Stephen Ambrose, Steven Spielberg and Tom Hanks have done a great service to my generation and those younger in that they remind us why we are free to blog, make movies, vote, travel, and live as we do.
Their books, movies, and TV series bring to life the men and women who fought, bled, and some who died, to keep us free. Band of Brothers, the Pacific, Citizen Soldiers, etc. all tell a story – a true story – that needs to be told to us and our children.
I also thank another author by the name of Marcus Brotherton. He has brought to the forefront some of the men that didn’t make it to the forefront of those other men’s stories. Brotherton tells the stories of Shifty Powers, Ed Pepping, Earl “One Lung” McLung, Forest Guth and others. They were just as much heroes as Richard Winters, Bill Guarnere, and Buck Compton – and Winters, Guarnere and Compton would be the first to tell you that.
Recently I met another hero of World War II – my word, not his. In fact, he seems to think his service to be no big deal. I’m sure no one would ever write a book or make a movie about his war exploits. But what he did was no less important than anyone else’s contribution to the war effort.
His name is Daniel Brown. As far as I know he never fired a rifle in combat, never even saw a battle. Brown served in the Army Air Force as a mechanic – specifically responsible for B-29’s. When not serving in the States, he was stationed in Panama. No battles were fought there. But of course, the Panama Canal was of vital strategic importance.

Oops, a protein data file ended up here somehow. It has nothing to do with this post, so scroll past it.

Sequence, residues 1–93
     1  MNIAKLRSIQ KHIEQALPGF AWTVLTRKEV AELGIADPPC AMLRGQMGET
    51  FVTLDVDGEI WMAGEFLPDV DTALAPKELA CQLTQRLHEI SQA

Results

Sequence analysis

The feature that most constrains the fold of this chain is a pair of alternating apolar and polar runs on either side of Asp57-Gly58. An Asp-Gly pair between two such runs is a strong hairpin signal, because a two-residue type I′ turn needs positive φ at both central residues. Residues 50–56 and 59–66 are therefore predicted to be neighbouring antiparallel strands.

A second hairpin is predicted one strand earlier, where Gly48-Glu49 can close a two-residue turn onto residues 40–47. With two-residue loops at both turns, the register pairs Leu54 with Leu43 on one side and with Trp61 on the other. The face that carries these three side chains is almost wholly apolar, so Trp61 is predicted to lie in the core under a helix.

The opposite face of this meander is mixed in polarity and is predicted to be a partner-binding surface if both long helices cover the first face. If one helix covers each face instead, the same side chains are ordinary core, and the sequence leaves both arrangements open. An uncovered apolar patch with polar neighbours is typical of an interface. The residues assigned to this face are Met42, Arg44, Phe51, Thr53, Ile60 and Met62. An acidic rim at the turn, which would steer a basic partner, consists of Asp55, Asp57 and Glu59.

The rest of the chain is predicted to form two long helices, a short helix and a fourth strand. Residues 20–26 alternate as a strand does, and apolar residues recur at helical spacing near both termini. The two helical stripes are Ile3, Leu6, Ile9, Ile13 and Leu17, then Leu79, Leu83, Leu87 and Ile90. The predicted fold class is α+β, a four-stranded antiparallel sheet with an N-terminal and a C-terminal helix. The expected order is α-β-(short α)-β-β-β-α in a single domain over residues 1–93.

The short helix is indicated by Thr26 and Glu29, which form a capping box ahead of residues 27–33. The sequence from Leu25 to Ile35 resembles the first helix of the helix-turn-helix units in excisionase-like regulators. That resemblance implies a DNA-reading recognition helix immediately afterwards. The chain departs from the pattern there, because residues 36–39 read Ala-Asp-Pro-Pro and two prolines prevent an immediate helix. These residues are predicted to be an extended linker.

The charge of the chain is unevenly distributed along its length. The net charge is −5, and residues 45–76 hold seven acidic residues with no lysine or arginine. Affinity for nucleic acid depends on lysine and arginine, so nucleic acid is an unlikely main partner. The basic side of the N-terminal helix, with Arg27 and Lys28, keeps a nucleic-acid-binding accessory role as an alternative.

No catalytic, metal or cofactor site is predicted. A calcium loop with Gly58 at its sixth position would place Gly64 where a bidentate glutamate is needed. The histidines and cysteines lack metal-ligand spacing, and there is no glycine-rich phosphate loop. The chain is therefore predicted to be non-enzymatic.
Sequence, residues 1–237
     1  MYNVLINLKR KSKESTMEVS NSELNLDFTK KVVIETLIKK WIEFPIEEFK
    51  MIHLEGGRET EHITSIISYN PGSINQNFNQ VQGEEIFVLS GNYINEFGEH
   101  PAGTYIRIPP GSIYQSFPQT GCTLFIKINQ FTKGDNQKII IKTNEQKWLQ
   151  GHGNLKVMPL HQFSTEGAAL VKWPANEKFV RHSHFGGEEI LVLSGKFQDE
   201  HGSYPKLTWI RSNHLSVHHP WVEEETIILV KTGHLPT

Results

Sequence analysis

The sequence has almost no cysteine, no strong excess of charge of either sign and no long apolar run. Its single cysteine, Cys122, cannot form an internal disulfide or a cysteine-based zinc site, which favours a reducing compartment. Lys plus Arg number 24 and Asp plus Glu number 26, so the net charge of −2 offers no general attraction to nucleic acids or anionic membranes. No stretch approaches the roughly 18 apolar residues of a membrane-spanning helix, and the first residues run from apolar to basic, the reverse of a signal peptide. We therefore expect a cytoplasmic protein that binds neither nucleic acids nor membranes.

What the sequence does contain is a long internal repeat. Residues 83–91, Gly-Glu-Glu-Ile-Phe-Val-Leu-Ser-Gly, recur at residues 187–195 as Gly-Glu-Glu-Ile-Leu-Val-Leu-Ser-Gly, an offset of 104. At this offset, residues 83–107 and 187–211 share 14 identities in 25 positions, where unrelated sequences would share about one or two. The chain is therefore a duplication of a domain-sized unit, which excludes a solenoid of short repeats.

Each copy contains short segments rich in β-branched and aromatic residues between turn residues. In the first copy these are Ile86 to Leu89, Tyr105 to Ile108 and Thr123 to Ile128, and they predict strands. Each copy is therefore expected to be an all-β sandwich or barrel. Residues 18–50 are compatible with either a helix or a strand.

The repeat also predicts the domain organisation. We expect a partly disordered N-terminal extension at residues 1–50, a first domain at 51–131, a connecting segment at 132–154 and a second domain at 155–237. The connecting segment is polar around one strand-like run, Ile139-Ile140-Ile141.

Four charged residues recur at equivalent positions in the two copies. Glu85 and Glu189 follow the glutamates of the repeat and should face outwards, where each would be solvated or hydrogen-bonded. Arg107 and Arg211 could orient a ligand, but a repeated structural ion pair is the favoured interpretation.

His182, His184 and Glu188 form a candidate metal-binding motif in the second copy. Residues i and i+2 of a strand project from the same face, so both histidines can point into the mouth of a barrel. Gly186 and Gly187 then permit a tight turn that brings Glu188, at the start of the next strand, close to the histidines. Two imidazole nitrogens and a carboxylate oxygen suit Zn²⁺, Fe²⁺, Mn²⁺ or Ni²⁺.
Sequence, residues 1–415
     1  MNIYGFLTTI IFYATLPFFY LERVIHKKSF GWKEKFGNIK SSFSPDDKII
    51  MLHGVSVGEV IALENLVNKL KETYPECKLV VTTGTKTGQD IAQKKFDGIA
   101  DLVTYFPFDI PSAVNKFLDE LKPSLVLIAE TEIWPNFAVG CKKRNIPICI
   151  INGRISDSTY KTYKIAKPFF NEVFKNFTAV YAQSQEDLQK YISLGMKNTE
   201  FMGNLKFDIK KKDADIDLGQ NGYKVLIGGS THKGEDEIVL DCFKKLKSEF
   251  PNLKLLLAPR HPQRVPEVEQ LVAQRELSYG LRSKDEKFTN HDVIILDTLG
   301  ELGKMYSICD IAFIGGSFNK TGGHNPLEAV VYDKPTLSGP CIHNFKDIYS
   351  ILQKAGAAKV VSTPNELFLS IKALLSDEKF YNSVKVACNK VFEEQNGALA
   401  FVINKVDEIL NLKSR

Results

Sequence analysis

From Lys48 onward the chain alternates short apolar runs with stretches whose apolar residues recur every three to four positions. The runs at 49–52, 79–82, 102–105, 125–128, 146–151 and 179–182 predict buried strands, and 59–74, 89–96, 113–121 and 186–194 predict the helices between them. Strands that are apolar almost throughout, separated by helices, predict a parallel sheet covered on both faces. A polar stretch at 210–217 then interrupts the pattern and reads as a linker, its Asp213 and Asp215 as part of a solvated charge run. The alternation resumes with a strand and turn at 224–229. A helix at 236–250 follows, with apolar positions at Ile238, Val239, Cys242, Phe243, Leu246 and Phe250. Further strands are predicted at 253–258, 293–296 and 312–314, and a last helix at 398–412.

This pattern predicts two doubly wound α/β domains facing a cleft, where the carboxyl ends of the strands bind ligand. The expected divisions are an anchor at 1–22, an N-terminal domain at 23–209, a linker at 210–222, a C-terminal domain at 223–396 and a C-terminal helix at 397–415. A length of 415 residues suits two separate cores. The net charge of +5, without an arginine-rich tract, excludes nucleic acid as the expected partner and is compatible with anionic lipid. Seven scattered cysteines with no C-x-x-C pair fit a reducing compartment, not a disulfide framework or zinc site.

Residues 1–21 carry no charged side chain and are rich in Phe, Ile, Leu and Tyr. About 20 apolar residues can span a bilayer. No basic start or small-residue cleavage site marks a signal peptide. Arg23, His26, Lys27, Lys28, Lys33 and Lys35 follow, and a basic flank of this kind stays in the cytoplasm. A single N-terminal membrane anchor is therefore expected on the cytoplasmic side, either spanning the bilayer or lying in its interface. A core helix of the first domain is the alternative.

Dan Brown left his wife Betty and all his family to serve in the Army Air Force. He knew that going into battle was a distinct possibility. But go he did because our country needed defending. He put aside his own comforts and dreams – for a time – to do the job that needed doing. That is what a leader does. Dan Brown continues to lead today and is teaching me what it means to be a leader and a true man.
“Doc” Brown and all those who served -whether in battle, in support, or in the states – deserve our recognition and thanks. I love spending an hour or two with him and his wife, Betty, as they tell stories of the war years and after. “Doc” Brown came home to his wife, started a family, lived his life in the freedom that he served to protect. He went on to become a cop and later a chiropractor. Betty was a dancer and musician. Both were – and are, today – active in their church and share the love of Jesus Christ with everyone they meet.
Just two of the wonderful people we should all thank on this Veterans Day.
So stop a vet today, tell him or her thanks. After all, you owe them a lot!